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This was bound to happen sooner or later. Every action in one segment of the TV industry provokes reactions in all other segments, and weight loss for one leads to weight loss for all.

Streaming Video Becomes Mainstream

Dish Network’s development of Sling TV, a semi-independent streaming video platform, has spawned a host of imitators. Cable and satellite TV system operators, in response to market demand, are beginning to offer low-cost ‘skinny bundles’ with new streaming platforms. Sling TV offers a core 27-channel package for a mere $20.00 per month. AT&T announced last week that its largest streaming video package, DirecTV Now, will offer more than a hundred channels for “a very aggressive” price.

With consumers increasingly unwilling to pay high fees for large packages including many channels they never watch, cable and satellite system operators are more resistant to paying high licensing fees for packages including unpopular channels. They’ve asked programmers to leave out such channels.

Programming Decisions Affected

This market pressure, which has long affected licensing negotiations, has begun to steer programming decisions.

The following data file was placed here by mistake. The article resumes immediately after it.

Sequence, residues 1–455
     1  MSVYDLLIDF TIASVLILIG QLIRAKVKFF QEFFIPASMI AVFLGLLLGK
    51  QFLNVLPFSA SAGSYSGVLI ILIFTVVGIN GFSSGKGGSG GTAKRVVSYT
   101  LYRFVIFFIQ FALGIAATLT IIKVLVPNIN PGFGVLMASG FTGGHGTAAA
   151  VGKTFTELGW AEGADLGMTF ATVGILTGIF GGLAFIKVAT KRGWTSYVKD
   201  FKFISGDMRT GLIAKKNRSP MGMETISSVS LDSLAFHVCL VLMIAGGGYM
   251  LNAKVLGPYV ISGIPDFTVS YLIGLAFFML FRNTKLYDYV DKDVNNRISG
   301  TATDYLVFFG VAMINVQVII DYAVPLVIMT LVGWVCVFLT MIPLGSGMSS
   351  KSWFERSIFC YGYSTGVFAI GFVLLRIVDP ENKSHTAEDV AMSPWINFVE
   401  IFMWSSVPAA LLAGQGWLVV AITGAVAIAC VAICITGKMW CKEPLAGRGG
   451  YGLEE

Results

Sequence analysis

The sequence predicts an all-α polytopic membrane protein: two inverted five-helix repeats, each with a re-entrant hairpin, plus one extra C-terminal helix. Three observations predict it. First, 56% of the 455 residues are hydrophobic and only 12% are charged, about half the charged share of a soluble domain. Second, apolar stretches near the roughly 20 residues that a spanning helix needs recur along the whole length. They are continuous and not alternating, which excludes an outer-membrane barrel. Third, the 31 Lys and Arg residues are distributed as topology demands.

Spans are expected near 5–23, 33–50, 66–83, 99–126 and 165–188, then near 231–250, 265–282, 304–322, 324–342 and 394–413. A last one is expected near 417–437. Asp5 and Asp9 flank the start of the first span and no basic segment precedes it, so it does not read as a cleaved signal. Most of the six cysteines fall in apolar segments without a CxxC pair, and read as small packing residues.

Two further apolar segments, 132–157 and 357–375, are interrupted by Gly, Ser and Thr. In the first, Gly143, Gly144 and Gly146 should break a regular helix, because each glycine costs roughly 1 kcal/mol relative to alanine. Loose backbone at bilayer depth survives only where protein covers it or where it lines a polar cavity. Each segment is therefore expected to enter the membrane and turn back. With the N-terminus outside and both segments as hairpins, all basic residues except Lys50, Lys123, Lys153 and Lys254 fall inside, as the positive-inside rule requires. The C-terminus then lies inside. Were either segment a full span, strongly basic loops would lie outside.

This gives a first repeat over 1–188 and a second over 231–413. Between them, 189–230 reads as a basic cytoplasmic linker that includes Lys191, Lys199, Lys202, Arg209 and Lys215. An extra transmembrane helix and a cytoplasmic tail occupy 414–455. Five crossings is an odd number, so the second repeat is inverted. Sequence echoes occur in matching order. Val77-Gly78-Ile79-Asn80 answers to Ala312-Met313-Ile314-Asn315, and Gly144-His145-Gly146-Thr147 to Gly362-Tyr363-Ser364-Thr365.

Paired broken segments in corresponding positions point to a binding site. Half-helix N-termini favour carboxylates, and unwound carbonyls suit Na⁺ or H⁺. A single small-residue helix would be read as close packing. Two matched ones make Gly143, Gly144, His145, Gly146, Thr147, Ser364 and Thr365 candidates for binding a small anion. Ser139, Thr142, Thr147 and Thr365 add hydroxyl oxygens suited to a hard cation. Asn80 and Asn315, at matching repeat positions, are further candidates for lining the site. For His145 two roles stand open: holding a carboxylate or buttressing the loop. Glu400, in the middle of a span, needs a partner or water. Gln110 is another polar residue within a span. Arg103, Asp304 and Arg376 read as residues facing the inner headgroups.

Steve Burke, the CEO of NBC Universal, said openly that the broadcaster will soon begin curtailing its channel offerings. “You’ll see us and others trimming channels”, Burke said. “We will continue to invest what we need to invest into our bigger channels, and we’ll continue to trim the smaller ones.” Burke noted that NBCU cut Style, a fashion channel, and G4, which reviewed video games, years ago.

Many industry analysts argue that the Virtual Multichannel Video Programming (V-MVPD) model is the industry’s long-term future. A V-MVPD is a video service provider such as DirecTV Now or Sling TV that doesn’t own the network over which its service is delivered.

Hulu will soon compete directly with Sling TV and DirecTV Now. Hulu announced last week that it will launch its own V-MVPD platform next year.

TV Industry Adapts to Consumer Demand

Michael Nathanson is a partner and senior research analyst for MoffettNathanson, one of the world’s leading information industry research firms. He  said that any channel not accepted for Hulu’s ‘skinny bundle’ probably won’t survive long.

Following SNL Kagan figures for average U.S. licensing fees, Nathanson concluded that if Hulu’s V-MVPD carries all of the Disney, NBCU, and FOX channels, and signs with the CBS Corp just to get its flagship CBS broadcast network, it will pay $28.28 per subscriber per month just for licensing rights. This would leave very little budget for channels from less prominent programmers such as Scripps Networks Interactive, Discovery Communications, and Turner Networks.

Of course, the major broadcasters may charge less for their channel bundles, but only after they’ve trimmed them dramatically. Over the long run, anyway, your TV bill is likely to shrink.


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